Who Is Taking This Course? (required)
Select this if you are purchasing this course to take yourself. It will automatically be assigned to you.
Yourself & Others
Select this if you are purchasing more then one of these courses for both yourself and others. One will be assigned to you automatically, and can assign the remainder at any time after you have completed the purchase.
Select this if you are purchasing one or more of this course for others. You can assign them at any time after you have completed the purchase.
Enter the number of persons who will be taking this course.
This online scissor lifts (aerial lifts) training and certification course follows the regulations set forth in the OHS Safety Standards for Aerial Lifts, as well as Province and Territory specific regulations.
Who must take this course?
The Scissor Lifts Safety Training - Canada Course is designed for drivers, workers, and supervisors, emphasizing hazard identification and safe work practices that apply to all scissor lift operators.
Other Frequently Asked Questions
It will take a MINIMUM of 2 hours to complete this Canada OHS Scissor Lift Safety Training online course. The student may log on and off as needed. A bookmark will be set so when they log back in they will return to where they left off.
Upon successful completion each student will have immediate access to a printable Scissor Lift Safety Training certificate and wallet card.
We have no restrictions on how long a person takes to complete a course.
Likewise, if you are purchasing for others, we have no time limit on assigning courses. So you can purchase a larger quantity then you currently need and take advantage of volume discounts.
Each student will receive 0.2 CEUs (or 2 CMEs) from Compliance Training Online® for completing this course.
Our Canada OHS Scissor Lift Safety course consists of content, graphics, audio, self check (non-scored) questions, and a final exam.
This training is intended as an overview of the Safety Standards for aerial scaffolds (specifically Scissor Lifts) providing explanations of the various requirements set by Canada's OHS. The approach is to cover hazard identification, avoidance, and control, along with practical information on safe work practices.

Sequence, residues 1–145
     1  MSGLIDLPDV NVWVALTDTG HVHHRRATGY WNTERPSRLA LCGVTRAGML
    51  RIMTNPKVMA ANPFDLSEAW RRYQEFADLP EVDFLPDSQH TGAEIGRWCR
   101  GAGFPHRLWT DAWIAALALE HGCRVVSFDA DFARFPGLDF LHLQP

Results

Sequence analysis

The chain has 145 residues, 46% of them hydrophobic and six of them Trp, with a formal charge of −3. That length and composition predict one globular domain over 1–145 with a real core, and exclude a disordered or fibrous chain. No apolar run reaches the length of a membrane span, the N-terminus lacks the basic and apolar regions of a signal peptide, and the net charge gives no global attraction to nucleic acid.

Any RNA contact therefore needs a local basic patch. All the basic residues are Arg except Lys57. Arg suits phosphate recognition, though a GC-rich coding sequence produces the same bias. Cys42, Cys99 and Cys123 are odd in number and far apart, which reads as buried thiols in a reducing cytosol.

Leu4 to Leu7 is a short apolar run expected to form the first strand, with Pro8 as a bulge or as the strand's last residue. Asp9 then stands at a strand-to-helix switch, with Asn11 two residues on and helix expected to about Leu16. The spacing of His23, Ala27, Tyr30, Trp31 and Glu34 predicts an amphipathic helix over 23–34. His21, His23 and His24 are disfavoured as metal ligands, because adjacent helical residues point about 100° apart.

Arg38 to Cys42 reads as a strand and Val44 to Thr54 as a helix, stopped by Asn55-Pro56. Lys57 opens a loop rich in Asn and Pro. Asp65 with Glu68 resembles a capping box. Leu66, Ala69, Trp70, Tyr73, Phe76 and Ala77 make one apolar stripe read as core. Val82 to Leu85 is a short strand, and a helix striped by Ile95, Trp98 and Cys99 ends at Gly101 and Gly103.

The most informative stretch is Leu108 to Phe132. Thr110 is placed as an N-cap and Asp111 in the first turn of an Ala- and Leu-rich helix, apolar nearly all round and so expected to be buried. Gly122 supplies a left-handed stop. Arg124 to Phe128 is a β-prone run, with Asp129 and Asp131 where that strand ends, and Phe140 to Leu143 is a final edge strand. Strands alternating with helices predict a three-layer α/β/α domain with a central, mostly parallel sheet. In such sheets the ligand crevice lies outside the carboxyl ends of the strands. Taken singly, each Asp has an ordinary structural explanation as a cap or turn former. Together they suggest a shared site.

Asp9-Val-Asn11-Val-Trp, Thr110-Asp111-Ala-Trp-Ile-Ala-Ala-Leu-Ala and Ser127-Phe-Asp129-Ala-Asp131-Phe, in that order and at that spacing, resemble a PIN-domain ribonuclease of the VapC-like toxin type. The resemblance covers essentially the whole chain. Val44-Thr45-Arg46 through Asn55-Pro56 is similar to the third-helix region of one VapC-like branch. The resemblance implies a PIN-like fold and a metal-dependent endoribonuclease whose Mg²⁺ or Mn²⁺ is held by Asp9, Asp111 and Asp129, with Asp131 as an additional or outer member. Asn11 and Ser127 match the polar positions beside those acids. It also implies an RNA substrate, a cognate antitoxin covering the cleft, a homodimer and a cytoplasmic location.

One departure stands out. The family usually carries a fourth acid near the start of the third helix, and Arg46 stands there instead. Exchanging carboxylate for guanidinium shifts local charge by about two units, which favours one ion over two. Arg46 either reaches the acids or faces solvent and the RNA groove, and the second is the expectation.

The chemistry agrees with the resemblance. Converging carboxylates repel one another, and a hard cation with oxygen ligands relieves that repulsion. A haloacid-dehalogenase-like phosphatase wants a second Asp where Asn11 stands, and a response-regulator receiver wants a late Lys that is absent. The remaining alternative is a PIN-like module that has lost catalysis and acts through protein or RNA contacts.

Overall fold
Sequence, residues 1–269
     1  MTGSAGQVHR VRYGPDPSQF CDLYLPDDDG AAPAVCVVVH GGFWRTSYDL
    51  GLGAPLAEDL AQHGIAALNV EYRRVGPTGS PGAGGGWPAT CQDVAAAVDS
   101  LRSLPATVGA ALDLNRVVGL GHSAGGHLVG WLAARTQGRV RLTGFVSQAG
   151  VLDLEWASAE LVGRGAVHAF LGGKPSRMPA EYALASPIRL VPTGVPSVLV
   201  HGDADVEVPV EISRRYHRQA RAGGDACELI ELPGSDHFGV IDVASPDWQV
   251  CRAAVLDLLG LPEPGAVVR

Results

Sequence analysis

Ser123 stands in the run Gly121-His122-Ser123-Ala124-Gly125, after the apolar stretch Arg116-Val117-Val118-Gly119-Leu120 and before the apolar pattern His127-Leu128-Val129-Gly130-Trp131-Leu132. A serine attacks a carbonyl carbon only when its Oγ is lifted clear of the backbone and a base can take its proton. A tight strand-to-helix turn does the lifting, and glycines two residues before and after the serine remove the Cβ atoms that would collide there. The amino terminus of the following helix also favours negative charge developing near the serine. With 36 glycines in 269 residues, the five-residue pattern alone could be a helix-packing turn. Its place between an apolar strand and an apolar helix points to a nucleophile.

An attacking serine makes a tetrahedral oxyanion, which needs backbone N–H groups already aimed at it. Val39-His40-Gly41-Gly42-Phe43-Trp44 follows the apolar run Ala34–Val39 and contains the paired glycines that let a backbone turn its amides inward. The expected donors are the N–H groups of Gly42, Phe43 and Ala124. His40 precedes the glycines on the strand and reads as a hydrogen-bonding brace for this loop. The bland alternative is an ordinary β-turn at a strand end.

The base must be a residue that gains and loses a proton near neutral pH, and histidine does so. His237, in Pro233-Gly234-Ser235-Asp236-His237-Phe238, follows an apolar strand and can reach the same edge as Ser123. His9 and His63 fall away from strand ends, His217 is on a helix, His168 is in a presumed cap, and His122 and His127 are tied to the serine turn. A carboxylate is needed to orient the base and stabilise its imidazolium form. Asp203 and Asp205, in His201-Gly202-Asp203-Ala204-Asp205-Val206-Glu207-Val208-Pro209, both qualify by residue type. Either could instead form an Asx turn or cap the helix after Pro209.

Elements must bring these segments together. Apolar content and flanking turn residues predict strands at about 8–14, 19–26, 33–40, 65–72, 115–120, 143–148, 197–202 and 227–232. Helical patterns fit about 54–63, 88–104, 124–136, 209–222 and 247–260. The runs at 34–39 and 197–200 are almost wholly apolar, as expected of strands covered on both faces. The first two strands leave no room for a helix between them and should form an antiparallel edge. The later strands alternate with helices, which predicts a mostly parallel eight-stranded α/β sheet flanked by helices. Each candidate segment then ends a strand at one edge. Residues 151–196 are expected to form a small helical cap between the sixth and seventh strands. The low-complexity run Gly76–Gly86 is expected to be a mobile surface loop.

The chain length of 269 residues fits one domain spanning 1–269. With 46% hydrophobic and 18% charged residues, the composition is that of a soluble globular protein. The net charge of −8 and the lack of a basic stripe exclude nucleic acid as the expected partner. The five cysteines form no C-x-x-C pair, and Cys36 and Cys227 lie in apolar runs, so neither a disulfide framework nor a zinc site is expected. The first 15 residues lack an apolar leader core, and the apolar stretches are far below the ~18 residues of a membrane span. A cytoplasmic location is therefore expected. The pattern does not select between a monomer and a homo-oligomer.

Specific topics covered in this course include:
- Section 1-Course Objectives
- Section 2-Introduction to Scissor Lift Safety
- Section 3-Scissor Lift Fatalities and Injuries
- Section 4-Definitions
- Section 5-Responsibilities
- Section 6-Safety Factors and Requirements
- Rated Work Load and Material Requirements
- Proof Test
- Ductile and Nonductile Materials
- Fueling and Battery Charging
- Elevated Driving and Snagged Platform Requirements
- Section 7-Manufacturer Criteria
- Interlock Requirements
- System Protection-Unintended Platform Motion
- Power System
- Welding Standards, Electrical System, and Quality Control
- Section 8-Classification of Hazards
- Section 9-Uneven Surfaces
- Slope Warning
- Obstructions or Holes
- Brakes and Wheel Chocks
- Section 10-Falling
- Fall Protection
- Working Outside or Above Scissor lift Railings
- Three-Point Contact for Safety
- Section 11-Overloading
- Load Limits
- Use for Transport of Materials
- Section 12-Electrocution
- Insulated Components
- Contact with Overhead Wires
- Power Tools
- Section 13-Overextension
- Emergency Stops
- Section 14-Nearby Work
- Nearby Work
- Falling Objects
- Crushing/Pinching in Scissor Lift Mechanisms
- Section 15-Inclement Weather/Hazardous Atmosphere
- Wind Stability
- Snow or Ice on Platform and Hazardous Atmosphere
- Section 16-Inexperience/Improper Operation
- Untrained Workers
- Operator Training
- Workers Riding on Lifts
- Section 17-Mechanical Defects and Maintenance
- Inspection and Maintenance Records
- Inspections-Workplace Inspection Criteria
- Defective Scissor lift
- Safety Procedure After Mechanical Failure
- Prohibition of Alterations/Overrides
- Operator's Manual
- Section 18-Inadvertent Operation
- Position of Controls
- Section 19-Summary
- Section 20-Additional Resources
Retraining is required in at least the following situations:
(1) Where changes at the worksite present a hazard about which an employee has not been previously trained; or
(2) Where changes in the types of scissor lifts, or other equipment present a hazard about which an employee has not been previously trained; or
(3) Where inadequacies in an affected employee's work involving scissor lifts indicate that the employee has not retained the requisite proficiency.